On a cosmic scale, it all seemed kind of absurd. Communist trained guerrillas fighting to overthrow the Japanese, so that they could get a chance to overthrow the French, whom they really hated. Communist trained guerrillas, working with the communist Chinese in cooperation with the nationalist Chinese to fight against the imperialist Japanese with the help of the Americans. Americans, working with the communist Chinese and the communist-leaning Vietnamese, while ignoring the French of Indochina who had kowtowed to the Germans and cooperated with the Japanese, even though their Free-French brothers fought side-by-side with the Allies in Europe. So it was. July of 1945 in Indochina was a political and military mystery—common threads tangled in the strangest of ways.

Commentary: Confusing, isn’t it. But that was the truth and this confusion is what led the Viet Minh to feel confident to declare independence for Vietnam on Sept 2, 1945. They hoped greatly that the Americans would have backed their bid for independence. If only they had, history would have told a much different tale, and the Vietnam War may not have happened. But of course, it is futile to play the “what if” game with history. There is only that which “was”.  And so it was in the summer of 1945.

It might challenge your own bias.

A colleague of mine was gracious enough to read and review my third novel, The Reach of the Banyan Tree. I thought a few of his comments about the novel were pertinent. He said:

“A great historical fiction novel that made me feel like I was in Vietnam. Helped me understand Vietnam history more. The story line was wonderful and yet it challenged my own set of biases and notions.”

The Vietnam era was a confusing mess; that is for sure. But my novel deals with the generation before and after the Vietnam War – 1945 and 2000. I hope it will challenge your views of what we went through. But more than that, I hope you will enjoy the story because after all, on the most basic level, it’s a love story. Who can resist that?

Available now in Kindle and Paperback. Read reviews or purchase here!

Thanks for the support.

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Three Generations – One Awesome Vietnam Story

As The Reach of the Banyan Tree gets closer to launch day, I want to highlight the one American family which always seems to be connected to Vietnam – the Carson family.

Charles Carson was a member of the OSS (pre-cursor to the CIA) and parachuted into Tonkin, French Indochina in the summer of 1945, just a month before the Japanese capitulated. His task? Train the Viet Minh resistance fighters to be more effective against the Japanese. But what he doesn’t bargain for is getting dragged into an adventure to find a truck load of missing rifles which in turn brings him face to face with a tough, but beautiful Vietnamese woman. Anything can happen from there.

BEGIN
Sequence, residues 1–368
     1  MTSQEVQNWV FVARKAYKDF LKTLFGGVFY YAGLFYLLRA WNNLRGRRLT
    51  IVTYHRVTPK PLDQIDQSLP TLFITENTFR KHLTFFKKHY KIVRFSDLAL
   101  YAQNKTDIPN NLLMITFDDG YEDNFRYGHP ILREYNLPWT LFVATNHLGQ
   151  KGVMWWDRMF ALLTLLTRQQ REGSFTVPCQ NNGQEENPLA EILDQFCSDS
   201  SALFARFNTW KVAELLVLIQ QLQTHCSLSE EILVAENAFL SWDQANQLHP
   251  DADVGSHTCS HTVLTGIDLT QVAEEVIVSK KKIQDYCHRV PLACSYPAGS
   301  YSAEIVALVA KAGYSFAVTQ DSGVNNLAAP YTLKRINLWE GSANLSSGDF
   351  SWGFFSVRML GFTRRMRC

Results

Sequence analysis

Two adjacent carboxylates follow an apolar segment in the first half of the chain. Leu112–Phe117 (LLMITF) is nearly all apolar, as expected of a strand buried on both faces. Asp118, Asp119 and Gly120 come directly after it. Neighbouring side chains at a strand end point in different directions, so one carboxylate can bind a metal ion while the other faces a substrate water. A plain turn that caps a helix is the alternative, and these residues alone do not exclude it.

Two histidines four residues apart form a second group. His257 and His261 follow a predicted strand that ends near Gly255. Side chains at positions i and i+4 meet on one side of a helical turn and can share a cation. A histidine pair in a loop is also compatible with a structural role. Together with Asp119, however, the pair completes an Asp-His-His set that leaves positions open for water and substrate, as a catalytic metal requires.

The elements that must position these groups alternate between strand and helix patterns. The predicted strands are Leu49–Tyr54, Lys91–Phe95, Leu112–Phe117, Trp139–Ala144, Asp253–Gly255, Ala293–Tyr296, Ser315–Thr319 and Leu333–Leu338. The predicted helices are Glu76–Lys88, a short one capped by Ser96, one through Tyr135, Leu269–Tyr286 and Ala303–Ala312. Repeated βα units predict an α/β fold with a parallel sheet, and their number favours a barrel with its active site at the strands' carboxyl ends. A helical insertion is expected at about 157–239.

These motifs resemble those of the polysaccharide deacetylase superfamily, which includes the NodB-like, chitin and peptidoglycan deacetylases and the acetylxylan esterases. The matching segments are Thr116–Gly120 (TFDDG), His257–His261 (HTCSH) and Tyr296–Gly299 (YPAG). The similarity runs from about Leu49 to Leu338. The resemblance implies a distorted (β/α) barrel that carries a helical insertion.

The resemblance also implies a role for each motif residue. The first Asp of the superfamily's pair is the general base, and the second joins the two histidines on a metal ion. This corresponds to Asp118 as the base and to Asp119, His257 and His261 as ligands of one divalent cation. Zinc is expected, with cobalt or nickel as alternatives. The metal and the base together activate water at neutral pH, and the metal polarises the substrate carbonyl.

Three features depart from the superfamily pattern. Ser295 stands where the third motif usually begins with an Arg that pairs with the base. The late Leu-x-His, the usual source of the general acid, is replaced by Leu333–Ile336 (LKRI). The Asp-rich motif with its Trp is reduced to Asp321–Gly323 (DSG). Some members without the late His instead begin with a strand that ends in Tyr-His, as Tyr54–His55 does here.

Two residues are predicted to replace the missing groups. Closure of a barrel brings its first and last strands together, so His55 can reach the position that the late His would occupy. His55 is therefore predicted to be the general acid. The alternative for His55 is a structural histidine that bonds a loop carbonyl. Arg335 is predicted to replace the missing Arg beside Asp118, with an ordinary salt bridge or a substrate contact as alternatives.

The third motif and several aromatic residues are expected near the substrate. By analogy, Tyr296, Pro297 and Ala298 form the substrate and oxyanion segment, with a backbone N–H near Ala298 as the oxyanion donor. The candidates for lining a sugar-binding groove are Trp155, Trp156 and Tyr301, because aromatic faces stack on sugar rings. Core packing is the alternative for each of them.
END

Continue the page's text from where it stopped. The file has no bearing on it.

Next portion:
Charles “C.R.” Carson II spent time in ‘Nam during the 1960s. He fell out with his father and eventually struck it rich with his grandfather in the oil business. He is brash, arrogant, slightly crooked with a good heart – maybe.

Charles “Chip” Carson III arrives in Vietnam in 1998 to do humanitarian work. He falls not only for the country but also for a beautiful young Vietnamese woman named Thuy. He just has to convince her father to let them get married.

Three generations of Carson men, whose stories in Vietnam get connected in the most unexpected and gripping ways.

It’s all about loving and leaving Vietnam.

The adventure begins July 1!

 

Know Your History: Americans Helping the Viet-Minh in 1945

On July 16, 1945 a group of American OSS officers (Office of Strategic Services – the precursor to the CIA) parachuted into the Viet-Minh HQ in Tan Trao, Tonkin. (Tonkin was the name for northern Vietnam during the French colonial period.) This small group of officers were charged with helping to train the Vietnamese to fight against the Japanese, who had taken control of French Indochina during WWII.

The Viet-Minh was headed by communist revolutionary leader Ho Chi Minh. The goal of the Viet-Minh was to be on the correct side of victory at the conclusion of WWII. They anticipated correctly that the Allies would eventually win in the Pacific Theater, and they tried to be as helpful as possible to the Allies by providing intelligence to their command headquarters in southern China. Ho Chi Minh even helped walk a rescued American pilot, who was shot down, back to safety to China. The trust that was built up led to the OSS parachuting into Tan Trao to help train their troops.

The goodwill found between the Americans and Vietnamese in the summer of 1945 would never be that close again for the next two generations. By August, President Truman had thrown his support behind the French’s pre-war claim on Vietnam, thus casting aside the Viet-Minh patriots who declared their independence during a mass rally in Hanoi on September 2, 1945.

By December 1946 Ho Chi Minh’s forces realized that the French would never relinquish control over Indochina, and they declared a war of resistance against their colonial masters of nearly 80 years. The French-Indochina War lasted until 1954 when the French were defeated at Dien Bien Phu, bringing about an end to their colonial reign in Asia. Ironically, the Americans were the ones who bankrolled the French during the war, even though the French were fighting against the same soldiers that the Americans had trained in 1945.